The purpose of this study was to investigate the performance of an ultrasound tomography (UST) prototype relative to
magnetic resonance (MR) for imaging overall breast anatomy and accentuating tumors relative to background tissue.
The study was HIPAA compliant, approved by the Institutional Review Board, and performed after obtaining the
requisite informed consent. Twenty-three patients were imaged with MR and the UST prototype. T1 weighted images
with fat saturation, with and without gadolinium enhancement, were used to examine anatomical structures and tumors,
while T2 weighted images were used to identify cysts. The UST scans generated sound speed, attenuation, and reflection
images. A qualitative visual comparison of the MRI and UST images was then used to identify anatomical similarities. A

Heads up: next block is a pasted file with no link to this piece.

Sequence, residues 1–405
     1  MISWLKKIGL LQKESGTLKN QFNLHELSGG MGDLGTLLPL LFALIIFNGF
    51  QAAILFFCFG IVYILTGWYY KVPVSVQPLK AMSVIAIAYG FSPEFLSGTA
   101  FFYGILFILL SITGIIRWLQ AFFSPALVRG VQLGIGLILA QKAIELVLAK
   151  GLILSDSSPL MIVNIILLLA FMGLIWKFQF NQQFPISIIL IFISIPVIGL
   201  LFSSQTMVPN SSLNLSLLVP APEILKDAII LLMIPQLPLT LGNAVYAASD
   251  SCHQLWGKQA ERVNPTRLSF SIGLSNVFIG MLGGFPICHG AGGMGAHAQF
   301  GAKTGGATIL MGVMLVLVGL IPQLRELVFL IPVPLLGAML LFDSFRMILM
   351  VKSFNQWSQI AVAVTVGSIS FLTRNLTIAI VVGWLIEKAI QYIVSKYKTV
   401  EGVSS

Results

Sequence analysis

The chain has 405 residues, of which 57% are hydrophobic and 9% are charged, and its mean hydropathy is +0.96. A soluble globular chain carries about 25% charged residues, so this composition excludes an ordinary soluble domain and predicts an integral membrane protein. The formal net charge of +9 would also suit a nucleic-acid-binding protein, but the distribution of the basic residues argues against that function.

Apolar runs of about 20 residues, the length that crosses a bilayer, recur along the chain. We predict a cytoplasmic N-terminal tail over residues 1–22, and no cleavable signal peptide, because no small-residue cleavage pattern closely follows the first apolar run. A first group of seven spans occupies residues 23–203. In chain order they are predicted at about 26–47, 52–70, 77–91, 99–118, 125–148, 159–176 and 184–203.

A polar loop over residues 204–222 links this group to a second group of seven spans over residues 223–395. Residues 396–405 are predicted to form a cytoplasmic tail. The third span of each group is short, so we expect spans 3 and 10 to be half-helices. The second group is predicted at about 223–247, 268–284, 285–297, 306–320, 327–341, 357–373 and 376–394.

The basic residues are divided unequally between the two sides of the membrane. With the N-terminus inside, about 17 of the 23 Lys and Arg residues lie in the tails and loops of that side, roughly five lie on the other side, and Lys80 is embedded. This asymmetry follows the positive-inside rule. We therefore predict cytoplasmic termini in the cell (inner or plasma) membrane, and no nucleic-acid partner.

more focused approach that involved a comparison of reported masses, lesion volumes, and breast density was used to
quantify the findings from the visual assessment. Our acoustic tomography prototype imaged distributions of fibrous
stroma, parenchyma, fatty tissues, and lesions in patterns similar to those seen in the MR images. The range of
thresholds required to establish tumor volume equivalency between MRI and UST suggested that a universal threshold for isolating masses relative to background tissue is feasible with UST. UST has demonstrated the ability to visualize and characterize breast tissues in a manner comparable to MRI. Thresholding techniques accentuate masses relative to background anatomy, which may prove clinically useful for early cancer detection.